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BBC 🔵 Ukrainians returning home to get dental treatment

Natalia Nehriba standing holding her daughter Agnia

A Ukrainian mother living in Wiltshire says she returned to her war-torn country because she could not access NHS dental care.

Natalia Negreba has recently had root canal work done in the city of Dnipro.

The 36-year-old said she was in « excruciating » pain, but could not find NHS dental care or afford to pay for private treatment.

The care board that covers Wiltshire said it had laid on « additional urgent dental care appointments » since 2021.

Dnipro, which is fewer than 100km (62 miles) from the front line, was on the receiving end of a devastating wave of attacks by Russian forces in December.

The Ukrainian air force said it had « never seen so many locations targeted simultaneously » after Russia launched 158 drones and missiles.

Despite the danger the city has faced since Russian forces invaded Ukraine in 2022, Mrs Negriba says she returned with her three-year-old daughter Agnia in July 2023 because she was in so much pain.

A building in Dnipro with a bomb crater with smoke emerging from it

Getty Images

« I started looking for a dentist but I didn’t find any [NHS clinics]. It was very terrible because I took paracetamol and ibuprofen every day. My pain didn’t go away, » she said.

« My friend helped me make an appointment at a private clinic in Corsham but it would have cost ÂŁ800 – which was too much for me, it’s very expensive.

« Dnipro is very dangerous, and I was very worried when I went [back], but my pain was very strong. I could not stay here. »

Mrs Negriba, who moved to Corsham at the start of the war, told the BBC she would often hear air raid alarms when she was in Dnipro, where her treatment cost about ÂŁ150 for a root canal procedure and an implant.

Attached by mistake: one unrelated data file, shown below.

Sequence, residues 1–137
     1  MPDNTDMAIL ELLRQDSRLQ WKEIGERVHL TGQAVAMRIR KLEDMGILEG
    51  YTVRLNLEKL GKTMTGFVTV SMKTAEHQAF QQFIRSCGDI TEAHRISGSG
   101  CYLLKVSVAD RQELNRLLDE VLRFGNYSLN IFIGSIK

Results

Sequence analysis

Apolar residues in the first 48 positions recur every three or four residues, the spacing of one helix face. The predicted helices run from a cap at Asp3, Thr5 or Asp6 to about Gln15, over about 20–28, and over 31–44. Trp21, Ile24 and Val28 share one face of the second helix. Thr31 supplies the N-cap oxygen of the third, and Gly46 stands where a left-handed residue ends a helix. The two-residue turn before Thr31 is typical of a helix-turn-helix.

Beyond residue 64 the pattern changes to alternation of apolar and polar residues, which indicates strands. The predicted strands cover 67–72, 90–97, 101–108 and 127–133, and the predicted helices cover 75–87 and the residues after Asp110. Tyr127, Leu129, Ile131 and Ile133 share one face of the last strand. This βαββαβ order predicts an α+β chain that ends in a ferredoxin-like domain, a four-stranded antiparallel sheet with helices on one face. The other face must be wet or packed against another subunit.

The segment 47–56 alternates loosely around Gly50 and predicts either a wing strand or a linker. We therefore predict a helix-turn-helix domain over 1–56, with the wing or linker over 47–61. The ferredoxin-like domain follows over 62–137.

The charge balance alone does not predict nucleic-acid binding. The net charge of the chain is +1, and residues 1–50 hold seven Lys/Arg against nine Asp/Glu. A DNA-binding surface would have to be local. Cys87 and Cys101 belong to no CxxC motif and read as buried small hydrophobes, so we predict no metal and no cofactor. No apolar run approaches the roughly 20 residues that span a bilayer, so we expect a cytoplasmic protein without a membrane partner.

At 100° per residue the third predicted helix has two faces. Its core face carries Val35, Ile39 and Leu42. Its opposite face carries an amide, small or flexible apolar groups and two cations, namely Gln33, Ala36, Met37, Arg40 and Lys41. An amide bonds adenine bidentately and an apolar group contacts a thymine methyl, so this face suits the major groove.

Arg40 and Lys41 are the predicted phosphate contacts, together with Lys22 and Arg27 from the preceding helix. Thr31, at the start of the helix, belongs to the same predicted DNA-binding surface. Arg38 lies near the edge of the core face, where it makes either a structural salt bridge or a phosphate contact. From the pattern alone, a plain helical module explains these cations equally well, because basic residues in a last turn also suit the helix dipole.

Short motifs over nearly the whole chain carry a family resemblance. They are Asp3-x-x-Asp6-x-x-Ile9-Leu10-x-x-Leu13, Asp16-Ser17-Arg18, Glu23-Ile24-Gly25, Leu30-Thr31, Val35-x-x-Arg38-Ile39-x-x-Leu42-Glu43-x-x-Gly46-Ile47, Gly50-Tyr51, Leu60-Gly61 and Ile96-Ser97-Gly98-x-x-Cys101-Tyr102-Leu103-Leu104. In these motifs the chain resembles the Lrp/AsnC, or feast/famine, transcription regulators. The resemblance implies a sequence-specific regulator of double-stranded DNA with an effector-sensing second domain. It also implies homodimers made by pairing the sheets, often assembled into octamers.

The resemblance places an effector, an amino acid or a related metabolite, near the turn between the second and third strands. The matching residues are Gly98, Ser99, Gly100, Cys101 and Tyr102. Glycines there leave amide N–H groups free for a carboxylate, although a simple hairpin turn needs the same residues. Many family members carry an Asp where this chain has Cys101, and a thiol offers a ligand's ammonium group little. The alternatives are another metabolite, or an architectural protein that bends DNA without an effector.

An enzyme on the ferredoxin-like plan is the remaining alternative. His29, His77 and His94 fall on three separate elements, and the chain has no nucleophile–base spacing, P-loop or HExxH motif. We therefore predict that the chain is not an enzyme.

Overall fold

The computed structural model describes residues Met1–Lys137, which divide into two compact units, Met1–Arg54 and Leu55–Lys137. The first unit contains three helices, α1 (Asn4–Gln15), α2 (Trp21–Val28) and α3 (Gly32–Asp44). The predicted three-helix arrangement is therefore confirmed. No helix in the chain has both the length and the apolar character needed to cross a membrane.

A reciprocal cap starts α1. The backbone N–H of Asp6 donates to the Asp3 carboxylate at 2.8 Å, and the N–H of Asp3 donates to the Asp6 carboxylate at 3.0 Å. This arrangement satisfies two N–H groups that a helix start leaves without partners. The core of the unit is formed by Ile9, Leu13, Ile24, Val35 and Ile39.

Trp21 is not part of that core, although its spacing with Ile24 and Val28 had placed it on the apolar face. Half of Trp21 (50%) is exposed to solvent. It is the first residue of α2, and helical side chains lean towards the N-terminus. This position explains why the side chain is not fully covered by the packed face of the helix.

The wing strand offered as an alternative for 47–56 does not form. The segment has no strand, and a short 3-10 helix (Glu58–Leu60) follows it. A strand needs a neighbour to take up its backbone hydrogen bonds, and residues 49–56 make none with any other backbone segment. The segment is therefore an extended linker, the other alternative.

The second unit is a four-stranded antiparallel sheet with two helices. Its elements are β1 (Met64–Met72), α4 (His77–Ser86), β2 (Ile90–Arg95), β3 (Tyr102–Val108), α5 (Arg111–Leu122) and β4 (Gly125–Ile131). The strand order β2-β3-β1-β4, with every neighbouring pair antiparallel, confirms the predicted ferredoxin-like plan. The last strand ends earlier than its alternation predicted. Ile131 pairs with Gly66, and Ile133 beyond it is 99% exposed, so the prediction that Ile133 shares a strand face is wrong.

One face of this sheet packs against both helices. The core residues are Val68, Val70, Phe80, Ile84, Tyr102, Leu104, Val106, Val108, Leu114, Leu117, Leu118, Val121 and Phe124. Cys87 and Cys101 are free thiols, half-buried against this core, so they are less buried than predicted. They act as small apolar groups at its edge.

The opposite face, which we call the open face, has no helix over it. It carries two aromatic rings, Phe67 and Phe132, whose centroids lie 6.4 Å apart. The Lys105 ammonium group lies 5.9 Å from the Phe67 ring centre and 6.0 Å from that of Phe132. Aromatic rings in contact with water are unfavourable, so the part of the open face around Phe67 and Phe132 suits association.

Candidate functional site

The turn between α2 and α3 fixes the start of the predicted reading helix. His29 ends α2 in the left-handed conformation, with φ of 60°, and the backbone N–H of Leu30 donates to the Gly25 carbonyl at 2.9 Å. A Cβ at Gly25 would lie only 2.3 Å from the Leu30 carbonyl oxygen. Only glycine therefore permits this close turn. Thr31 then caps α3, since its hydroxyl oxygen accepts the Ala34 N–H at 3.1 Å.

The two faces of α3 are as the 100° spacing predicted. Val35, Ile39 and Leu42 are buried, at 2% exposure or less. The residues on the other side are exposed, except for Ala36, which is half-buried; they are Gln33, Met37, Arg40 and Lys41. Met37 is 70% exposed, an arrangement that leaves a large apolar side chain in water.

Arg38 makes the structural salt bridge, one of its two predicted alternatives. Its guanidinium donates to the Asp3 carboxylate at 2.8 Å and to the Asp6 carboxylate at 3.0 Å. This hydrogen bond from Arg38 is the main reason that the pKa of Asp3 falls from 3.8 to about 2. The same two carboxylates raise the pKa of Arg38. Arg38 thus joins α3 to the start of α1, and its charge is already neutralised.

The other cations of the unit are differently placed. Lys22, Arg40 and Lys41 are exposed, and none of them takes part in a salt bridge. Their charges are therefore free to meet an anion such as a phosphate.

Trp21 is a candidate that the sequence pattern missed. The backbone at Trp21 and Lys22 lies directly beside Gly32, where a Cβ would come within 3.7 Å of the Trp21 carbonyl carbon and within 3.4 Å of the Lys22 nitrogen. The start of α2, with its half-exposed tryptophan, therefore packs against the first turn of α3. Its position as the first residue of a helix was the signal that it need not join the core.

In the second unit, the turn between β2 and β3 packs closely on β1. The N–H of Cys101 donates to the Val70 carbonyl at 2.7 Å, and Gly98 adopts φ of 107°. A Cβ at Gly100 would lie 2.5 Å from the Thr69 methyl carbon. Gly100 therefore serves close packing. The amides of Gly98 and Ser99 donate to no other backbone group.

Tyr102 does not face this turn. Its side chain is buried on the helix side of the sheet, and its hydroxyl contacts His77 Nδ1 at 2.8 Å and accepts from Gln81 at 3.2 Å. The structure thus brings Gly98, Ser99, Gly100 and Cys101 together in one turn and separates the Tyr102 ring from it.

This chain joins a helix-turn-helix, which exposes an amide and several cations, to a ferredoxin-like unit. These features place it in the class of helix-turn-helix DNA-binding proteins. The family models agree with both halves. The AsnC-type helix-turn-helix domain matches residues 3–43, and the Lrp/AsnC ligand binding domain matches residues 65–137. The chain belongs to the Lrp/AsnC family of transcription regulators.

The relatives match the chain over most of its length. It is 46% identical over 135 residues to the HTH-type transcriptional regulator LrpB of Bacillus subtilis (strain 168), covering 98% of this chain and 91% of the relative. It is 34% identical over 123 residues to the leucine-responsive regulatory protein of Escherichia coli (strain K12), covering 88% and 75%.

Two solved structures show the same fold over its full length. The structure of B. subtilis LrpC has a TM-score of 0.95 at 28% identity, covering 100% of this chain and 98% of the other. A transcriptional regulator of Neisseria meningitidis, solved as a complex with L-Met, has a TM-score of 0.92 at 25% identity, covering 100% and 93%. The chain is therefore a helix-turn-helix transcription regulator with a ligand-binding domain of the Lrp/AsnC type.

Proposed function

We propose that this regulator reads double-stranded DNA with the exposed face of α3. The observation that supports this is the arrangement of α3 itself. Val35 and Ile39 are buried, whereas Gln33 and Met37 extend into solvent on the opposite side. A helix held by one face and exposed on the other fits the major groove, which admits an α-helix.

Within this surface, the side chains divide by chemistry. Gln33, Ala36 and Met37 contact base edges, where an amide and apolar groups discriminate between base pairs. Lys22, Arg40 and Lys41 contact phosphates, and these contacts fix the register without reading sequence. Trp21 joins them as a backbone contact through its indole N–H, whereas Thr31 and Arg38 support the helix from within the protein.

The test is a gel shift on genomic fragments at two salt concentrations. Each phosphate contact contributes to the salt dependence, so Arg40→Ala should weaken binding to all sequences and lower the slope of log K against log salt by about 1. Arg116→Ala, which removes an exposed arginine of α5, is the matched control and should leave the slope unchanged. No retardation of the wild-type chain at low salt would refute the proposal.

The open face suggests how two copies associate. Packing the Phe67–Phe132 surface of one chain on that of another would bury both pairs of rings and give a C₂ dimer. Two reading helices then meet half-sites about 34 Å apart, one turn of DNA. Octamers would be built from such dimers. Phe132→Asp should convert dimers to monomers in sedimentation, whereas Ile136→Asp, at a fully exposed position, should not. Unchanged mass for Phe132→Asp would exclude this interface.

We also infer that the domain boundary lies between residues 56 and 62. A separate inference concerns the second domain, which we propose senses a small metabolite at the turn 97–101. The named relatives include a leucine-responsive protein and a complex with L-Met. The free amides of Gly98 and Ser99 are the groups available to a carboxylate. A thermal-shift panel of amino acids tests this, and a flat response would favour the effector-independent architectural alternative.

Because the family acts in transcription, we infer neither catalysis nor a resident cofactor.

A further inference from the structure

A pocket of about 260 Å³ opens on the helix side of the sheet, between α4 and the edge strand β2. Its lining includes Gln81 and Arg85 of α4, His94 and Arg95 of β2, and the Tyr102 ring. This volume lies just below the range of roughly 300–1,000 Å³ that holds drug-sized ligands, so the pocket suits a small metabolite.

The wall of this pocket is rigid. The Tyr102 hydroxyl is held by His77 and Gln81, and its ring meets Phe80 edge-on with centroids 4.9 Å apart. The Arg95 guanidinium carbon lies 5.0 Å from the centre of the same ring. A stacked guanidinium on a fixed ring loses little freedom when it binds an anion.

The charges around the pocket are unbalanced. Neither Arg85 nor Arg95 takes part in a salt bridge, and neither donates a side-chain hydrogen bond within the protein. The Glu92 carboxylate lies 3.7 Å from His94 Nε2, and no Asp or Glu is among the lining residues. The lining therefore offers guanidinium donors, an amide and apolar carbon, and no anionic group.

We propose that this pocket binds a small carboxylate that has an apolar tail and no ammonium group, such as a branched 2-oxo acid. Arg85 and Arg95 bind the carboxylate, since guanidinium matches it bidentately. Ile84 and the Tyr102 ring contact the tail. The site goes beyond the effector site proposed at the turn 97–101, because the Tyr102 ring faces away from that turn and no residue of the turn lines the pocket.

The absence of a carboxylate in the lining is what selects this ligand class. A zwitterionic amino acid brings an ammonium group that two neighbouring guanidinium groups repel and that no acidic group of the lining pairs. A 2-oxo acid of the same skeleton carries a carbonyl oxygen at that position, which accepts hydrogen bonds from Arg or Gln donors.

She said she also has a friend from Chippenham who had also travelled to Dnipro for dental care.

Mrs Negriba added: « I had a very long wait, too much. I didn’t find an NHS dentist.

« If I have a new problem with my tooth, I will fly to Ukraine to have it fixed again. »

Liz Taylor, from Chippenham, runs Bybrook Homes for Ukraine, which supports about 50 Ukrainian refugees living in Wiltshire.

She said other patients have revisited their mother country to get dental care, with some of them having « severe dental problems ».

Two dental professionals treating a patient in Dnipro in Ukraine

Kateryna Lagun

« We’ve either had to pay ourselves for them to receive treatment, or they have gone back to Ukraine – much to our horror – and to some of the really dangerous parts of Ukraine in the east, near the Russian border, because of toothache, » said Mrs Taylor.

She added that she was also supporting another woman who was considering going back to Kharkiv, which is right next to the front line and a place Mrs Taylor considers even more dangerous than Dnipro.

‘Air raids every day’

Kateryna Lagun, Mrs Negriba’s dentist in Dnipro, said she had treated several Ukrainians who had travelled from the UK.

« We have a lot of people coming from outside of Ukraine to get their treatment, » she said.

« Dnipro is quite dangerous because we have a lot of air attacks at night, and up to 15 air raid warnings a day.

« I live really close to the [bombed] factory here and several times I thought it was the end because it [the bombing] was really close to us.

« I guess they do not have much choice in the UK. I heard you have this situation with NHS dentistry and even UK citizens cannot get the proper treatment. »

‘Urgent appointments available’

A spokesperson for the Bath and North East Somerset, Swindon and Wiltshire Integrated Care Board said it would not comment on individual cases but that in this case Mrs Negriba may meet the criteria for « an urgent dental or a stabilisation appointment ».

« Since September 2021 we have commissioned additional urgent dental care appointments that people can access by calling NHS111 with an urgent dental need, » they added.

« There are 390 appointments every week across the South West, with 86 urgent dental appointments in Wiltshire each week. »

The board said there were also 750 stabilisation appointments across the South West, which were for people who had a serious but not urgent dental issue.

It said Mrs Negriba should contact the board to discuss her treatment.

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Related Topics

  • War in Ukraine
  • Corsham
  • Dentistry
  • NHS
  • Ukraine
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